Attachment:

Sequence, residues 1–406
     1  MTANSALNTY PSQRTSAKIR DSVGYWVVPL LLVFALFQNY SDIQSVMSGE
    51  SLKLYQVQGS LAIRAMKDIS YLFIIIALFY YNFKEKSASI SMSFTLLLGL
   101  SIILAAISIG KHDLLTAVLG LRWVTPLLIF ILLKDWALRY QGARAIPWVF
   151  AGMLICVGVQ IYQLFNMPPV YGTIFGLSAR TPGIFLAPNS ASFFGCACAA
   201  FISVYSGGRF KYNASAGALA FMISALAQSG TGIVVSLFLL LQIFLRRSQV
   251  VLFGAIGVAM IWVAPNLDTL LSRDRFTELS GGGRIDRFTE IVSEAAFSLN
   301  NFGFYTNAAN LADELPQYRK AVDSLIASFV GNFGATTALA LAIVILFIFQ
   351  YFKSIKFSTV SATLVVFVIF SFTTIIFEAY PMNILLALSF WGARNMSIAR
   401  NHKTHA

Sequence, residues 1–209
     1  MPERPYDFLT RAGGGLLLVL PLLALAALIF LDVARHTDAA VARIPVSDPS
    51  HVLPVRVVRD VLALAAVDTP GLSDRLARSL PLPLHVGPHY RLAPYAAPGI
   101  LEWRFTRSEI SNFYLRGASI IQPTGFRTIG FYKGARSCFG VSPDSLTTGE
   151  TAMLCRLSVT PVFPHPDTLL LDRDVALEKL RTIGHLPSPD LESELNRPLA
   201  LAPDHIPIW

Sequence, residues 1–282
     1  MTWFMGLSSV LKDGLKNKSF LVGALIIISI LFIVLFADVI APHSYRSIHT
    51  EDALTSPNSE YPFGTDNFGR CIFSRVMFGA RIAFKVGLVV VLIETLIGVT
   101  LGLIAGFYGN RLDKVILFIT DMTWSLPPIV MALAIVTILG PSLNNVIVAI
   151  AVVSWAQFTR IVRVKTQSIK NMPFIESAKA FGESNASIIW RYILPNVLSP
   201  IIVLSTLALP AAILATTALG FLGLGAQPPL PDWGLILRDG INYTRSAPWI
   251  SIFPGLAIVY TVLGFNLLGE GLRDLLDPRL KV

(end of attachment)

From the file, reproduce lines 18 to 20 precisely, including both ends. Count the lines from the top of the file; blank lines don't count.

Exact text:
     1  MTWFMGLSSV LKDGLKNKSF LVGALIIISI LFIVLFADVI APHSYRSIHT
    51  EDALTSPNSE YPFGTDNFGR CIFSRVMFGA RIAFKVGLVV VLIETLIGVT
   101  LGLIAGFYGN RLDKVILFIT DMTWSLPPIV MALAIVTILG PSLNNVIVAI